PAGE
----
• Language: English
  • ISBN-10: 0374325340
  • ISBN-13: 978-0374325343
  • Product Dimensions: 8.9 x 0.4 x 10.5 inches
  • Shipping Weight: 13.6 ounces
  • Average Customer Review: 4.8 out of 5 stars  See all reviews (32 customer reviews)
  • Amazon Best Sellers Rank: #1,061,152 in Books (See Top 100 in Books)

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Customer Reviews

Most Helpful Customer Reviews

12 of 12 people found the following review helpful By ardnam VINE VOICE on March 7, 2004
Format: Hardcover Verified Purchase
An interesting new perspective on George Washington. It makes him seem more human to children. Young children are intrigued to have the myth of wooden teeth squelched. Ther book provides a historical timeline in the back. This is a great book for children of ALL ages. Even I, an older child and teacher, learned some things. I had no idea our first president was so obsessed with his teeth and that he had such an active role in the solutions to his dental problems. Highly recommended.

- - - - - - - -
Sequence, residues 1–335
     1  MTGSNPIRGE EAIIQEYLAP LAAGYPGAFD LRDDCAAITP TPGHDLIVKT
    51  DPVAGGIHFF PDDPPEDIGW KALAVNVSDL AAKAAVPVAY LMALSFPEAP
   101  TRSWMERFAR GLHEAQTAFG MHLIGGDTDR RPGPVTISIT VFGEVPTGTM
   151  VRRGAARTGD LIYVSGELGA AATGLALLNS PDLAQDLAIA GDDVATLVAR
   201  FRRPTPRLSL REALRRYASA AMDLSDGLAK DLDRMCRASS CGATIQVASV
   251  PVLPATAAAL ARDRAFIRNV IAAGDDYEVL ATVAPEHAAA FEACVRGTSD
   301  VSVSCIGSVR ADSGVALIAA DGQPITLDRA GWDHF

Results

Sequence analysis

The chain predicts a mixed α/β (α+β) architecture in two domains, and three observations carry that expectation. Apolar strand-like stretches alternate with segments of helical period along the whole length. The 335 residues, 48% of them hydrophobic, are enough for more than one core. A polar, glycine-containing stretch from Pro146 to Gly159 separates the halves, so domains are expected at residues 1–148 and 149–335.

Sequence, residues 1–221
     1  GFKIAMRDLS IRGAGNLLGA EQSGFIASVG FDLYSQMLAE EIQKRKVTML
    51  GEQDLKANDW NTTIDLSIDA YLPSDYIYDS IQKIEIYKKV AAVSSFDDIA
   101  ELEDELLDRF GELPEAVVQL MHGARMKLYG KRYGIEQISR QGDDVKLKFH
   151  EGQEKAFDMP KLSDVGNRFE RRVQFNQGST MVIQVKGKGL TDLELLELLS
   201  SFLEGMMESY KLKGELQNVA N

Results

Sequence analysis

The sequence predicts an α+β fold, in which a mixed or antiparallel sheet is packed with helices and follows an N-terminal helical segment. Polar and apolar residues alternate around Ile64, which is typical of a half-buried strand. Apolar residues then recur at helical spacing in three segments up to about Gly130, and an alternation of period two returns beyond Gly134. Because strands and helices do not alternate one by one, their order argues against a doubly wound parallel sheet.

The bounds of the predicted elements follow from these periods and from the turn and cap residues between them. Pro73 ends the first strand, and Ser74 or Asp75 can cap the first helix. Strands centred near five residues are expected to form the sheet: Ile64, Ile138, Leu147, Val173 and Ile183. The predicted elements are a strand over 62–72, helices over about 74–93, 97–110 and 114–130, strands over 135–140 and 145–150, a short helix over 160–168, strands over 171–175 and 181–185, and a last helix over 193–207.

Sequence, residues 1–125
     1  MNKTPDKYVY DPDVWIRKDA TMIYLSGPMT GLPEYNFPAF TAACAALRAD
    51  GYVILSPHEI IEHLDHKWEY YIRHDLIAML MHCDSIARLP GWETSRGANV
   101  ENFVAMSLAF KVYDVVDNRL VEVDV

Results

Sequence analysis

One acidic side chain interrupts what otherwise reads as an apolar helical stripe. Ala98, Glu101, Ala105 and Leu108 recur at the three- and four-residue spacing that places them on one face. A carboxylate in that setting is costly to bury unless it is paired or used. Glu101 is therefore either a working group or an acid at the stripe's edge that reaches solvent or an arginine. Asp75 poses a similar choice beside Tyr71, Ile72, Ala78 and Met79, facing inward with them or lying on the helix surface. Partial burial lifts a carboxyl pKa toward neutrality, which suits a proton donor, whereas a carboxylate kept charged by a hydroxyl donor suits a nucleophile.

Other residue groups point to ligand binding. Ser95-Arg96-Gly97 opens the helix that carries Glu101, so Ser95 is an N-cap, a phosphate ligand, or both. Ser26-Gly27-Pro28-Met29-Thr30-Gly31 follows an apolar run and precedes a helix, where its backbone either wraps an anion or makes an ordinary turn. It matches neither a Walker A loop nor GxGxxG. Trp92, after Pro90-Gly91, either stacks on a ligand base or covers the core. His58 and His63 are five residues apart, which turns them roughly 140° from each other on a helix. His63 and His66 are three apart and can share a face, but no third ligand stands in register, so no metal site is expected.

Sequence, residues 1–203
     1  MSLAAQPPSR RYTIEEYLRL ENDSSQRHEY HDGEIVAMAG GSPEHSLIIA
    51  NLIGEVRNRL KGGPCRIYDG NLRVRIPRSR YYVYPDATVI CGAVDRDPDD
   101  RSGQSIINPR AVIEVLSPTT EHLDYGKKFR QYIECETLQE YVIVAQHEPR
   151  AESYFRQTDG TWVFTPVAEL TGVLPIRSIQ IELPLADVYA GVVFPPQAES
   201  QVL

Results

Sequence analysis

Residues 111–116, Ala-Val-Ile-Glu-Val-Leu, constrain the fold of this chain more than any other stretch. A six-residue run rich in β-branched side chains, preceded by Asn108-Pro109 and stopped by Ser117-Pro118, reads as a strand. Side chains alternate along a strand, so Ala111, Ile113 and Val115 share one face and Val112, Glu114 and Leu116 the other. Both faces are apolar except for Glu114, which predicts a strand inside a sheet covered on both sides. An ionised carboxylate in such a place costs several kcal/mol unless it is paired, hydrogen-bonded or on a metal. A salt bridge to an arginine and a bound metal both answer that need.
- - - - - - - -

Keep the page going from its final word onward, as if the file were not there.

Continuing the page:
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9 of 9 people found the following review helpful By Reading Teacher on February 9, 2005
Format: Hardcover
After reviewing this book for a graduate Children's Literature course, we were surprised to see how much George Washington's teeth played a role in his day to day life. It was a comical rhyming story that would be appropriate for elementary students. As Kindergarten and First Grade teachers we would incorporate its theme into teaching dental health. Young children are often very excited about losing their baby teeth, however, this book would convince them to take very good care of their grown up teeth. The book could also be used in upper elementary classes to discuss myths, like George Washington's wooden teeth!